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Nameberry Picks: 12 Best Bunny Names

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After we saw Elisabeths’s darling bunny products in the new nameberry style column last week,  our thoughts naturally hopped right over to the area of rabbit names.

Bunny rabbits—the cute and the caustic– have populated children’s stories and cartoons from Beatrix Potter’s Flopsy, Mopsy and Cottontail to Uncle Wiggily and B’rer Rabbit to Walt Disney’s first character Oswald the Lucky Rabbit and then Thumper to Bugs Bunny to Runaway Bunny all the way to the voluptuous Jessica Rabbit in Who Killed Roger Rabbit, who was a rabbit in name only.

A lot of these characters didn’t have actual names, or if they did, they weren’t baby-appropriate, but we burrowed through books, comics and cartoons, movies, television shows, and video games, and came up with our Nameberry Picks of 12 Best Bunny Names:

Benjamin Bunny, a Beatrix Potter character

Cecily Parsley, from another Beatrix Potter story

Harvey, James Stewart’s imaginary six-foot friend in the eponymous movie

Hazel from Watership Down by Richard Adams–the gentle oldie that Julia Roberts jumpstarted interest in

Ivory Monroe, from the comic By the Tail

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Beatrix Potter Names: Jemima & Jeremy

posted by: Nephele View all posts by this author
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By Nephele
 
Beatrix Potter (1866-1943) is a beloved children’s picture book author and illustrator whose stories have an enduring charm that will no doubt continue to delight readers well beyond our 21st century.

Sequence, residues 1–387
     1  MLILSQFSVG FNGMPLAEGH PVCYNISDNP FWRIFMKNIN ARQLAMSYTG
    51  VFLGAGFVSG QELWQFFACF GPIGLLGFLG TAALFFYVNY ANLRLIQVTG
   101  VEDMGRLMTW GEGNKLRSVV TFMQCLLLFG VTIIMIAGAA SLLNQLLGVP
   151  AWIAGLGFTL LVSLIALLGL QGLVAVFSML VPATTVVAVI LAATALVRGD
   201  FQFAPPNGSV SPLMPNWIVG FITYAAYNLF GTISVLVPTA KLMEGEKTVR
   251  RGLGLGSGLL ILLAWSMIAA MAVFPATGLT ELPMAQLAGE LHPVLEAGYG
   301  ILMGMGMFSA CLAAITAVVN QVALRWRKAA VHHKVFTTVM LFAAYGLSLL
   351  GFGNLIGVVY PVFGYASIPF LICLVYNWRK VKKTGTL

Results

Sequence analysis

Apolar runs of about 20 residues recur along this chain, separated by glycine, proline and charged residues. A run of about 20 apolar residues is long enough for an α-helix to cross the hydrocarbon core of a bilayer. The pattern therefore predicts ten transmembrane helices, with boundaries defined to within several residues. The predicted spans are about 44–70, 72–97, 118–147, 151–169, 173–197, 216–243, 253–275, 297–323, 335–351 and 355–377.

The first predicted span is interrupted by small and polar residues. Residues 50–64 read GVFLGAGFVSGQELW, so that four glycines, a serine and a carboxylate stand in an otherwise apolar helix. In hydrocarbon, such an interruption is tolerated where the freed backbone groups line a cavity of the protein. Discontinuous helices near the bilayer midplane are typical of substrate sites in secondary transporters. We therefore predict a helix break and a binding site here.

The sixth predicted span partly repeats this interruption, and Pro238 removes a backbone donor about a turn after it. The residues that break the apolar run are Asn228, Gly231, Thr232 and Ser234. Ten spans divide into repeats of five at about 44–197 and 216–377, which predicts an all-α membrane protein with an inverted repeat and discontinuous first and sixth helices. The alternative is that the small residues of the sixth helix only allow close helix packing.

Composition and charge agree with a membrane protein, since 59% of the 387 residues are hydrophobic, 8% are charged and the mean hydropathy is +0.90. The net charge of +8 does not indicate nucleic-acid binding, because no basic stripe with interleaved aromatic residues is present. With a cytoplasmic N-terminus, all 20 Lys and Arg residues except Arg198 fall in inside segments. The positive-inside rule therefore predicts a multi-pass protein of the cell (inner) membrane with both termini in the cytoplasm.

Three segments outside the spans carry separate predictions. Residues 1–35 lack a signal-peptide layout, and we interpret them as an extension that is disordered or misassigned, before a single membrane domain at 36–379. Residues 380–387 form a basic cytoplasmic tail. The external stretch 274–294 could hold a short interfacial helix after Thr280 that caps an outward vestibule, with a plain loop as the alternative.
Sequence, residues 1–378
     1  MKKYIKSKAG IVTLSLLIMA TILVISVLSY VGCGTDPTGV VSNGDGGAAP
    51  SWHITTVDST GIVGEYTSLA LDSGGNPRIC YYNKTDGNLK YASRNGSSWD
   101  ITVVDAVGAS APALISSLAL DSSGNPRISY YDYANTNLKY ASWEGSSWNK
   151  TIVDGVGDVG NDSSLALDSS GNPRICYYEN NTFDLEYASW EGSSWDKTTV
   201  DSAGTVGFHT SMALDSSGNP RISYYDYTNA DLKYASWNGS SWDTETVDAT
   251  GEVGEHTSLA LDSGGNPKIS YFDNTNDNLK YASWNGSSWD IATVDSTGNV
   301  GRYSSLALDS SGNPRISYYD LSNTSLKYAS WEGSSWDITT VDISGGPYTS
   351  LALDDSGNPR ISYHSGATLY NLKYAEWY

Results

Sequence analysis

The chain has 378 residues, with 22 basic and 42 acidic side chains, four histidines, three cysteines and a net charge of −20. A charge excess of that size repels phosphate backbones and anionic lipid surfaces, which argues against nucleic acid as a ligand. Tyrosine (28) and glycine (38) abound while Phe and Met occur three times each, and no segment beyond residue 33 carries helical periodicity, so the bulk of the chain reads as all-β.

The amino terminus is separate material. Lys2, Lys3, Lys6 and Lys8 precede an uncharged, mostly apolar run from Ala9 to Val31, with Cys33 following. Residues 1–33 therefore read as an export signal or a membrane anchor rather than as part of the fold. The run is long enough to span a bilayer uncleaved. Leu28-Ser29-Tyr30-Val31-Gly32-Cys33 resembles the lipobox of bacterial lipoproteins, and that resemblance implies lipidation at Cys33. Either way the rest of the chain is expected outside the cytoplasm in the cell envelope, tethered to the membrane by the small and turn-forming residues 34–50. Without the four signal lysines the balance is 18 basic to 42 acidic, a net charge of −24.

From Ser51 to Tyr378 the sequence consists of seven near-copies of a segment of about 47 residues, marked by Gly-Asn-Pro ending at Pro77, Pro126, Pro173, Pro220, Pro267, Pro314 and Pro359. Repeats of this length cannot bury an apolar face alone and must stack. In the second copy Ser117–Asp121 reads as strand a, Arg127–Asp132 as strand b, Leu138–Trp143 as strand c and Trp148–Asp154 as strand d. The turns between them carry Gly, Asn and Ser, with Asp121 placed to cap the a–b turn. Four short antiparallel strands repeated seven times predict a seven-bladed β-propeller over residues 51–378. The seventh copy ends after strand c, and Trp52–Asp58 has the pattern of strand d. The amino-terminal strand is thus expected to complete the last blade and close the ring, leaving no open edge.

Her popular stories have made their way from the printed media into animated adaptations for television (The World of Peter Rabbit and Friends), and ballet (The Tales of Beatrix Potter).  Films have also been made depicting her life, the most recent being the 2006 movie titled Miss Potter and starring Renée Zellweger.

Beatrix Potter was an early conservationist, and her stories of Peter Rabbit and friends reflect her great love of the British countryside and nature.  Her animal characters (with the exception of the American animals appearing in The Tale of Timmy Tiptoes) were drawn from life, revealing Beatrix Potter‘s eye for realism as well as whimsy.

Apparent in her stories is a Victorian delicacy of understatement and wit in describing unavoidable unpleasantries, such as death: “Your father had an accident there; he was put in a pie by Mrs. McGregor.”  In addition, the Victorian expectation of children to master vocabulary can be found in Beatrix Potter‘s use of the occasional “soporific” and “improvident” sprinkled among the more childish bobbitties and scrumplies in her books.

While many of Beatrix Potter‘s anthropomorphic characters bear whimsical names, such as the beloved hedgehog laundress known as Mrs. Tiggy-Winkle, there nevertheless can also be found a number of baby-worthy names among her characters.  These names will mainly appeal to those with classic naming tastes, representing names (and nicknames) that also appealed to the people of the British Isles living in the Victorian and Edwardian eras:

GIRLS

ANNA MARIA

BETSY

CECILY

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